Stacy tells us about the incredible effort that was Boston Hope, from the needs the field hospital addressed to the patients it served: It was really set up to decompress the hospitals as people became less acute in their health care needs. It was licensed at an LTAC [long-term acute care] level, so it was really a subacute facility. Our patients there were still requiring some monitoring. So some needed help with activities of daily living, but they were not at the acuity level where they required inpatient hospitalization.

Boston Hope was built in just under two weeks. (Yes, you read that right, SHIFT Talkers, but is it really a surprise, now that you know nurses took the lead?) Stacy shares the many problems Boston Hope was trying to solve, including capacity issues from the surrounding hospitals and providing a safe place for patients — who either needed limited medical help or couldn’t quarantine safely at home. This was often because there were four or five people jammed into a tiny downtown apartment (another example of how housing is a key social determinant of health). 


Stacy also explains that Hope had a whole other side to manage the homeless population: “Boston Hope was a thousand-bed facility, and half of it was the subacute hospital side … the other 500 beds were managed by the leadership from Boston Health Care for the Homeless.

May 2020 Lancet study reported that, when tested, 36 percent of individuals residing in a shelter were positive for COVID-19. That helps provide context for just how important these 500 beds were. Patients didn’t have to need medical attention to snag a spot on this side of the hospital. In fact, Boston Hope’s unhoused patients typically had no active COVID symptoms or just mild ones. This was really an effort aimed at protecting a disadvantaged population and stopping the spread of the virus in the community. On top of that, during their stays at Boston Hope, these patients had access to group therapy and help managing their chronic health conditions. If their symptoms did worsen, they could easily transfer to Stacy’s side of the hospital.  


But Stacy makes it clear that this was not a long-term fix for patients experiencing homelessness: The reality is that it was serving an emergent need that our community had during a pandemic. It was set up with a lot of attention to the unique needs of the patient population … but what it was clearly not going to solve is all those baseline inequities.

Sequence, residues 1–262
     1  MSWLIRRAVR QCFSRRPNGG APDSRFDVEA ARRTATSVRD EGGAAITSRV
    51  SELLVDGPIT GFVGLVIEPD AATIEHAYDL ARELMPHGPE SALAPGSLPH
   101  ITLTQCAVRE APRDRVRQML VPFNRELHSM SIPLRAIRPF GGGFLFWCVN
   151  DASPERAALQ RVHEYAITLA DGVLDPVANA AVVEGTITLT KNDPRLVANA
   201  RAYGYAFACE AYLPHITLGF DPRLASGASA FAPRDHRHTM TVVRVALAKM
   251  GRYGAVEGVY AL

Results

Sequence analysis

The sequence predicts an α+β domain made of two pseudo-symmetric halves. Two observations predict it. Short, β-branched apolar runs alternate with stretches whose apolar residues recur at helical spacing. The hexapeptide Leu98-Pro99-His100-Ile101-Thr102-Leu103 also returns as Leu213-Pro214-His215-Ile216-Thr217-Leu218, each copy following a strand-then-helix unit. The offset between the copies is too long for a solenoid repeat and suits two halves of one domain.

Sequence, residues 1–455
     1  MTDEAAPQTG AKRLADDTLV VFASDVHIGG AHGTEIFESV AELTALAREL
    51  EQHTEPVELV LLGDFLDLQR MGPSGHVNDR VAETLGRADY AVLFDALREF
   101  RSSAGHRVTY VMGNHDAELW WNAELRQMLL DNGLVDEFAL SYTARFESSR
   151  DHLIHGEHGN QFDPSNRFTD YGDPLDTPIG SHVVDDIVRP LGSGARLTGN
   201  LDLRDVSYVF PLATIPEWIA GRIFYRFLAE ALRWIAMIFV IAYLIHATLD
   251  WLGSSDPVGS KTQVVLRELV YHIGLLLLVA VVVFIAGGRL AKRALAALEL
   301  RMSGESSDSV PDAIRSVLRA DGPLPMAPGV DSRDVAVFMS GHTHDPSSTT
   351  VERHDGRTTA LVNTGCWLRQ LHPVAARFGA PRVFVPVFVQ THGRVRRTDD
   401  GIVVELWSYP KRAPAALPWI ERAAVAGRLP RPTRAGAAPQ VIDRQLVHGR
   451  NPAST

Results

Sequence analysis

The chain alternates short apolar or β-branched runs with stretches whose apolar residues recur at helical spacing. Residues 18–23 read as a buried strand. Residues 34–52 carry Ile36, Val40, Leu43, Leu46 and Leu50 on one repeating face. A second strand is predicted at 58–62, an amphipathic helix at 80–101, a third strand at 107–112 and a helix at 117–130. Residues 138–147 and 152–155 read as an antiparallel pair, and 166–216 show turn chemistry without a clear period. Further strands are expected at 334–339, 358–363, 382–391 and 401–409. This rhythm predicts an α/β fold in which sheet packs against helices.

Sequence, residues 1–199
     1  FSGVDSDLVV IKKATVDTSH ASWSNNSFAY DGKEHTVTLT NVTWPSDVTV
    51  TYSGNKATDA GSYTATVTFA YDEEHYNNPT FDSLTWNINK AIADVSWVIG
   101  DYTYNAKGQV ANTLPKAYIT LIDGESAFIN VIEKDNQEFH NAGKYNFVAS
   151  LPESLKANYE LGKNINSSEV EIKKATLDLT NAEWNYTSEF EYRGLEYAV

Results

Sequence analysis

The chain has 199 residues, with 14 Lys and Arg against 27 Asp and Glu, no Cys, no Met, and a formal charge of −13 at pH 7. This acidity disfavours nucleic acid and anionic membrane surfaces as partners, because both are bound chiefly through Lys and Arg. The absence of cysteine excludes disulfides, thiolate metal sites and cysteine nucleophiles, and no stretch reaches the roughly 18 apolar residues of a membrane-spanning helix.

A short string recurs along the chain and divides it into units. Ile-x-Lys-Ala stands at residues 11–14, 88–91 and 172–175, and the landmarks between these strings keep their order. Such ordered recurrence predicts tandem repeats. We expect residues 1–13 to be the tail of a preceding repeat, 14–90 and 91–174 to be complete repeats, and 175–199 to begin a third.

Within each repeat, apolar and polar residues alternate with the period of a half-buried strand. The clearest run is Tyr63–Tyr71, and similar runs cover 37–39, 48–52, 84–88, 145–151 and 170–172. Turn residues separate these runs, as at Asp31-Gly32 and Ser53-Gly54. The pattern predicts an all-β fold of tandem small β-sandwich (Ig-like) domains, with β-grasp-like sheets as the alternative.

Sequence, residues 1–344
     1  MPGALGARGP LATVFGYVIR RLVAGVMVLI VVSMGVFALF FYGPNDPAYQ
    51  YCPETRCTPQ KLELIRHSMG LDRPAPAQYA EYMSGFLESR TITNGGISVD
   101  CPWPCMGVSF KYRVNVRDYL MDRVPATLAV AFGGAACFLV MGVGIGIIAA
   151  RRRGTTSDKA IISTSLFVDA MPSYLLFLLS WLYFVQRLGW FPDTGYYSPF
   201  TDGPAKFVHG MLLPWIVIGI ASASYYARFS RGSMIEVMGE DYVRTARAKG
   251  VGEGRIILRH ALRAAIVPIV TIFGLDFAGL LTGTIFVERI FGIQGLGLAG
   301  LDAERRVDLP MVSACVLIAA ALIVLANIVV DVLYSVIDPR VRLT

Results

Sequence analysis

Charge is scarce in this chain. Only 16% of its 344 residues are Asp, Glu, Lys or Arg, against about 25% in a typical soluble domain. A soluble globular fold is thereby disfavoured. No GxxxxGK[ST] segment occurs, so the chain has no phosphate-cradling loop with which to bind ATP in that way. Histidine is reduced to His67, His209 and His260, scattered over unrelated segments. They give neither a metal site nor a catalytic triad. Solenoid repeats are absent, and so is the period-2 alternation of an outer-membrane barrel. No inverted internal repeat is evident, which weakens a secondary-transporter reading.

What they were able to do, on both sides of Hope, was design the care model around patients’ needs. And that’s where the knowledge Stacy gained on those medical units early in her career really came into play. The team ensured Boston Hope patients had access to translators, they brought in physicians who spoke Spanish, and they even offered wraparound services, such as physical therapy. Overall, they made an intentional effort to make their health care teams as representative as possible of the patient population. Because we know that makes a differenceespecially to communities of color.


Stacy reflects on what Boston Hope did for the local health care community: “What it has afforded us … is a much more elevated dialogue with the broader community. I think more political leaders, even laypeople and consumers of health care, understand these issues of health inequities and social determinants of health better than they did before the pandemic ... This taught me how quickly change and needs needs of a community can be met if we have resourcing and collaboration between health care leadership and our politicians.” 

Although the pandemic took a huge toll on the population at large and health care workers specifically, one thing that gives Stacy hope is the increasing number of conversations around health inequities that have happened as a result  and the glimpse into how nurses can work with others to effectively address them. Boston Hope showed what can be accomplished when providers and policymakers team up to meet community needs.  


Stacy shares her optimism about the future: We are really having nurses come out of their programs with a much deeper understanding of issues related to social determinants of health, health equity, social justice … so we really have this fantastic opportunity as nurse leaders to make sure we’re identifying expertise on our teams, wherever it sits.” 

She’s talking about you, SHIFT Talkers! Stacy truly believes that new nurses bring just as much value to the bedside as veteran nurses. New nurses may not be experts in the clinical realm yet, but they’re way more likely to understand health equity and how to promote it for patients.  


Stacy’s parting words of wisdom: “Being aware of your biases. And then for our nurse leaders at the front line — the nurse managers — really helping them understand the role they can bring in ensuring diversity and inclusion on their workforce. The value of having that workforce really represents the patient population … There’s so much value there that I’m really excited that we are going to see in the coming years, for nurses to step into this space as leaders in health equity.”

Be sure to check out the resources section of this summary  Stacy coauthored two journal articles on Boston Hope, and she’s also got a thriving consulting practice for emerging health care leaders (ahem — that’s you, SHIFT Talkers!).